“I’ll never do it again”, we say…and then we do it.
“Now I really mean it! I’ll NEVER do it again”…and then we do it.
“This has got to stop…REALLY…I’ll never do it again”…and then we do it.
how does sildenafil help with premature ejaculation presentation in latex masters international business dissertation topics centro polispecialistico radiologica romana where can i go to get papers notarized https://greenacresstorage.net/essay-competition-commonwealth/ clomid 50mg online uk brain death term paper best best essay proofreading sites for school braided essay samples here https://laralafayette.org/classes/price-elasticity-of-demand-extended-essay/91/ its tore the art institute of philadelphia essay thesis of phd in finance viagra in phoenix arizona go to link ielts internet essay https://writerswin.com/book/how-to-write-an-essay-apa-format/97/ sildenafil tacoma washington kamagra oral jelly definition source https://reflectionsbodysolutions.com/doctor/jack-and-the-box-viagra/82/ freelance essay writing jobs india enter go site viagra til hund opinion essay online shopping article content writing go examples of essay about my family https://willcoxwinecountry.org/linkedin/how-can-i-create-a-word-document-on-my-macbook-air/47/ This has been the story of my life.
There are many labels that I wear. Some are obvious to everybody around me: Husband. Father. Grandfather. Uncle. Son. Pro Musician. Garbage Truck Driver. Bus Driver. Motion Graphics Artist. Horseback-Riding Instructor. Motorcycle Enthusiast. Mormon. Choir Director. Church Organist. Church History Geek. Swimmer. Skier.
Some labels are less obvious, and depending on how you know me and when you’ve seen me in action, your label for me may be different that somebody else who experienced me at a different time or mood. For example, some say I’m “good with people”…but others know I’m a horrible introvert. I have a difficult time sharing my feelings one-on-one…but I LOVE to share those same feelings as I perform on the piano…the bigger the audience, the better!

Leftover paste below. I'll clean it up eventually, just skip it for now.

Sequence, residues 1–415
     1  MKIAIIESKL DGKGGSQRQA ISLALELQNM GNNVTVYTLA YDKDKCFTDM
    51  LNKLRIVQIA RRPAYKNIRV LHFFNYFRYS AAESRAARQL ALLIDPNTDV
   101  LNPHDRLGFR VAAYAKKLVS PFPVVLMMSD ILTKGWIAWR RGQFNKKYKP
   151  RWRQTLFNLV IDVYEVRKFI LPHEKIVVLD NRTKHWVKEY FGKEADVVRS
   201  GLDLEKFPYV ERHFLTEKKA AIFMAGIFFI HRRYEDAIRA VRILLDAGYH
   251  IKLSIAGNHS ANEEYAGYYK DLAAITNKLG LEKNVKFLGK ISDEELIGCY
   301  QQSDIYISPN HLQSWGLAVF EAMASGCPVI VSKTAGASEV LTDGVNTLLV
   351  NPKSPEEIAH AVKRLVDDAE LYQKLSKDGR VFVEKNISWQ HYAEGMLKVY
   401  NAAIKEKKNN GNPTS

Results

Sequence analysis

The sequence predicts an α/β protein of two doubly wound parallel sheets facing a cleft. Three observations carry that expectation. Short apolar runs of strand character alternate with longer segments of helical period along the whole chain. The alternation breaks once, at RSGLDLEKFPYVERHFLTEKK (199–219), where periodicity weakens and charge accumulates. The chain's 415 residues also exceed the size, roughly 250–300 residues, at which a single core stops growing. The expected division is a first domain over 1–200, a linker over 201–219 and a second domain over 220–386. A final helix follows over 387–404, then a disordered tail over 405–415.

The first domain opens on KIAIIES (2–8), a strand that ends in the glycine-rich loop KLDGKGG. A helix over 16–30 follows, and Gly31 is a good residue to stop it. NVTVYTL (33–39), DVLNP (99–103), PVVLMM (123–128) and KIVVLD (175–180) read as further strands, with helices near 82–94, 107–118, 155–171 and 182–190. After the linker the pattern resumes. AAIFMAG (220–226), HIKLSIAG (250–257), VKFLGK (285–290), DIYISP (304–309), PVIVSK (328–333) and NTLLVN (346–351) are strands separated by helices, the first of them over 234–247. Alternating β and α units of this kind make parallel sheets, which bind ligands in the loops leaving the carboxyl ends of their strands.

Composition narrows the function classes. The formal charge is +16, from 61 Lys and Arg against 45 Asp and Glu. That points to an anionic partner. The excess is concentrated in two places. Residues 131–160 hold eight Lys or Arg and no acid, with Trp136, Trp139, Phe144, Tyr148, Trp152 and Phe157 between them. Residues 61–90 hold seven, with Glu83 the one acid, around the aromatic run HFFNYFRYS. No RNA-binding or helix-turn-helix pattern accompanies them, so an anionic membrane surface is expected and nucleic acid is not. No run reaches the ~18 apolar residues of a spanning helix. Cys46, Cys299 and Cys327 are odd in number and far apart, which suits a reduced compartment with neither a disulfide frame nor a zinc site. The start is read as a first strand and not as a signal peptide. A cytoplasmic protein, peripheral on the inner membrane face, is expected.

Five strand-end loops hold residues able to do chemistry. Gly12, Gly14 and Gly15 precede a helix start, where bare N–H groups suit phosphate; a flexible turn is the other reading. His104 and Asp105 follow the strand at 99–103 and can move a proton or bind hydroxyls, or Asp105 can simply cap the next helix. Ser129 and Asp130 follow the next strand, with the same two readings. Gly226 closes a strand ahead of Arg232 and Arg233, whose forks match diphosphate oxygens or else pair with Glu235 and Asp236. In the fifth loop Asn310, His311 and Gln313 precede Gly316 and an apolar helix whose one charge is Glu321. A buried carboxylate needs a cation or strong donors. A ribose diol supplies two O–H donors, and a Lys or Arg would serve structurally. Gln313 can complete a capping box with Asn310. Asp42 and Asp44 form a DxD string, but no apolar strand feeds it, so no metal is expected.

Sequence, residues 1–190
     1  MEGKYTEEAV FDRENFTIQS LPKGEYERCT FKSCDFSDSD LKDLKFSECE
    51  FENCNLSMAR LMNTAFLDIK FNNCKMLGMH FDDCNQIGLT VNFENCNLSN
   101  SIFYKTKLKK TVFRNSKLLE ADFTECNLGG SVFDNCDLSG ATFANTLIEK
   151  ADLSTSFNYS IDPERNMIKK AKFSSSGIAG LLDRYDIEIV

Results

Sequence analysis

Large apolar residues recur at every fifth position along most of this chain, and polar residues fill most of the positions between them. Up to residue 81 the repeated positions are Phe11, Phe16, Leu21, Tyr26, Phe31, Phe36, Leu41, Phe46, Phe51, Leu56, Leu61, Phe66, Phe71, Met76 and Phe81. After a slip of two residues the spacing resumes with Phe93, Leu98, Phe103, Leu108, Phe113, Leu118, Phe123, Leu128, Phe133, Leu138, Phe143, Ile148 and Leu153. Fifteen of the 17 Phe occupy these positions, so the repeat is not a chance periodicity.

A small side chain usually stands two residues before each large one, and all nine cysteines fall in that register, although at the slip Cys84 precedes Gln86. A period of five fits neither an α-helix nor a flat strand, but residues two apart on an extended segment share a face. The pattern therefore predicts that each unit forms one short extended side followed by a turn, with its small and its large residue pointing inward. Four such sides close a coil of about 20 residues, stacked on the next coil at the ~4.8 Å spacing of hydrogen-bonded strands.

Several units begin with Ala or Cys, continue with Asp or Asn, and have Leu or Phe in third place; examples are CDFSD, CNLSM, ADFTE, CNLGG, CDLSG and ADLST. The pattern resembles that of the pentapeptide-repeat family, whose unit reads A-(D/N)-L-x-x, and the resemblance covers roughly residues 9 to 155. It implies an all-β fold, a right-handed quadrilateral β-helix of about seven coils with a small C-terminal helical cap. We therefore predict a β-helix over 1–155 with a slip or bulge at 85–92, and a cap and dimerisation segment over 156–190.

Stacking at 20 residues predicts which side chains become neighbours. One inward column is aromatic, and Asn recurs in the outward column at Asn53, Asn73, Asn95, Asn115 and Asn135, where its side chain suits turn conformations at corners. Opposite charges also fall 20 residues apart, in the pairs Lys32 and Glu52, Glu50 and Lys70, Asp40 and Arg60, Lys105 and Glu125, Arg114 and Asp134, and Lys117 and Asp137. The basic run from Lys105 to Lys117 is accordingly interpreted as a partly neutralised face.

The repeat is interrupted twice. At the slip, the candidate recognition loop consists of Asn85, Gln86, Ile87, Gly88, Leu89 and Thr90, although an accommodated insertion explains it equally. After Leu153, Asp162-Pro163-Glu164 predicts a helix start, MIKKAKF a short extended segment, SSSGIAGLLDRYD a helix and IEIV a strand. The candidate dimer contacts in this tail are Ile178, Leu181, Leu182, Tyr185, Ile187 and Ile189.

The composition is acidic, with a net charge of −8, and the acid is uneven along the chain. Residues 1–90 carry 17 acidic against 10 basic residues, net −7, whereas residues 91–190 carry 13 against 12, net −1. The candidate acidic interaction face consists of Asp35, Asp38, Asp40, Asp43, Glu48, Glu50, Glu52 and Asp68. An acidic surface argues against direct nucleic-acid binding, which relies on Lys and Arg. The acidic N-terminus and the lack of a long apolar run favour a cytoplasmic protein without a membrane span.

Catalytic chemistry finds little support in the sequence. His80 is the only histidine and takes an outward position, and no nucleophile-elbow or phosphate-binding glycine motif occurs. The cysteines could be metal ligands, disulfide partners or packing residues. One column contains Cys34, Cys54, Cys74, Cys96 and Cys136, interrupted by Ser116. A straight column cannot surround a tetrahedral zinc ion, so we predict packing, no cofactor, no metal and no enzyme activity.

However, there’s ONE label that has best described me for nearly all of my adult life. It’s a label that I’ve gone to amazingly great lengths to hide from family, friends, and most acquaintances. The following admission will come as a complete shock to many, and will confirm others’ suspicions…
…I am an ALCOHOLIC.
A recovering alcoholic, but an alcoholic, none the less.
So…Why AM I writing this blog?
About 10 years ago, and after MUCH prodding, my daughters FINALLY convinced me that I should be part of this cool new thing… It was called Facebook! I’m an introvert. I don’t like sharing my feelings. Especially with the world at large! WHY the heck would I want to have a platform to tell the world what I ate last night for dinner?? But eventually I gave in and signed up.
I started creating my personal profile, and discovered something interesting. On Facebook, when you declare that you’re in a relationship, they allow you to choose one of several labels…single, married, in a relationship, etc. My personal favorite is this: “It’s complicated”.
At the time I joined Facebook, I’d spent at least a decade quietly lost in the bottom of a bottle of Bacardi. I’m a “closet drunk”. I NEVER drank in front of my children, and seldom in front of my wife, Julie. As a rule, I avoided drinking in public, even though my job as a professional musician took me to bars several nights each week–I’d suffer through the whole night “sober” and then rush home at 2 a.m. and down an entire pint bottle of rum or vodka in private. I didn’t want my church friends to know of my problems, and I wanted my kids to grow up knowing God, so we attended church EVERY week without fail.
Born and raised a member of the Church of Jesus Christ of Latter-day Saints (many people call us Mormons), I was raised by amazing parents and grandparents who were directly descended from the early Mormon Pioneers. They were staunch in their beliefs and strict in their actions. I grew up knowing the importance of living up to those beliefs.